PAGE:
Renowned South African landscape painter, Scats Esterhuyse has enjoyed a long relationship with Avondale, and his paintings are displayed throughout our Tasting Gallery.  This year he is celebrating 20 years as an artist and to commemorate this achievement, we talked to him about his art, his connection to Avondale and his plans for the future.

Many congratulations on your 20th anniversary as an artist. Did you always plan to become a painter?

I came to art after a varied career including glazing, pottery and drumming. I had no experience in any of these but felt drawn to each at various points in my life. With painting, it was the same – I felt the urge to capture reality, not perfection. I believe it is each individual’s responsibility to use one’s talents, to push oneself and find one’s limits.

You are regarded as one of the country’s leading landscape artists. Why landscapes?

I wanted to portray the sights and sounds that I saw on my extensive travels around South Africa, and through this, clouds captured my imagination. Clouds have no structure, no straight lines; they are constantly moving and this is the challenge. In my ‘Swellendam’ piece I must have wiped away at least 30 attempts to capture the clouds before I was satisfied.

You always use oils. Why?

Oil paints are not the easiest medium as they take a long time to dry, but they allow me to experiment with different techniques such as glazing. This involves using a flattened brush to sweep away some of the top colour to reveal layers of paint underneath, creating texture and depth.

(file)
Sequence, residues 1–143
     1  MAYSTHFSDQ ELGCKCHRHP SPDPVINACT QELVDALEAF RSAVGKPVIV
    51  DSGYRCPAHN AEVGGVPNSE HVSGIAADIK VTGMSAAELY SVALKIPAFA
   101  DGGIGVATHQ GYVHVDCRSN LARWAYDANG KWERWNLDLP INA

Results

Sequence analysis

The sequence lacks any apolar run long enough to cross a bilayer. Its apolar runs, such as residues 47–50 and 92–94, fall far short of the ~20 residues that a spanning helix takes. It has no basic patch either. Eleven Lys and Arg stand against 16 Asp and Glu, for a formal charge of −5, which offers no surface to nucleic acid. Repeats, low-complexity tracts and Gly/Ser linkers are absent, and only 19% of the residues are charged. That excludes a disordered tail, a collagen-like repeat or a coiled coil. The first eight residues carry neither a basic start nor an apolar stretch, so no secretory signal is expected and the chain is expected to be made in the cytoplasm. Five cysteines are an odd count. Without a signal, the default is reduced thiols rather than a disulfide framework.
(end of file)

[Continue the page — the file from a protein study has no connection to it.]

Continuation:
I have also experimented with impasto (the thick layering of paints) which creates an almost three dimensional aspect in a picture. This can be seen on my  ‘Her secret garden – Boschendal’ in Avondale’s Tasting Gallery.

What inspires you?

Besides the vast open landscapes of the Cape and the Karoo, I love to capture the small towns, their history and people. As a Christian I believe that we, as humans are the clay, and God is the potter and whilst I do not specifically focus on religious aspects, I do find myself drawn to churches as a focal point of many of my paintings. Perhaps this is because churches are the focal point of many small towns. Painting, for me, is a very spiritual experience.

What is your connection to Avondale?

I met Johnathan Grieve many years ago and we formed a bond over our desire to work in harmony with nature, to be creative and strive for perfection, but not at any cost. I feel that showcasing my artwork at Avondale provides a home that is sensitive to my beliefs.

Looking to the future, how do you want to evolve?

I believe that we all need to evolve; I want to constantly evolve as a person and as an artist. Until now I have travelled several times a year, immersing myself in the places I visit and taking photographs of views that I would like to paint. This method has allowed me to take my time to express my vision on canvas.

My new challenge is to paint en plein air (quite literally plain air or open air). It is a different type of pressure, to capture what is in front of me and apply my paint without pause for thought. Many artists use acrylic paints for this method as they dry so quickly but I am challenging myself to do this in oil, working ‘wet on wet’.

I would also like to hold painting classes outdoors for small groups; I feel it will be very rewarding to create an environment where aspiring artists can come together to create and share in the wonderful vistas of our country.

Scat’s latest exhibition ‘Celebrating 20 Years’ is on display in and around our Tasting Gallery, where visitors are able to enjoy his evocative pieces.

Mon – Sun: 10:00 -16:00

For more information or Private Viewing contact Caelli on 021 8631976 or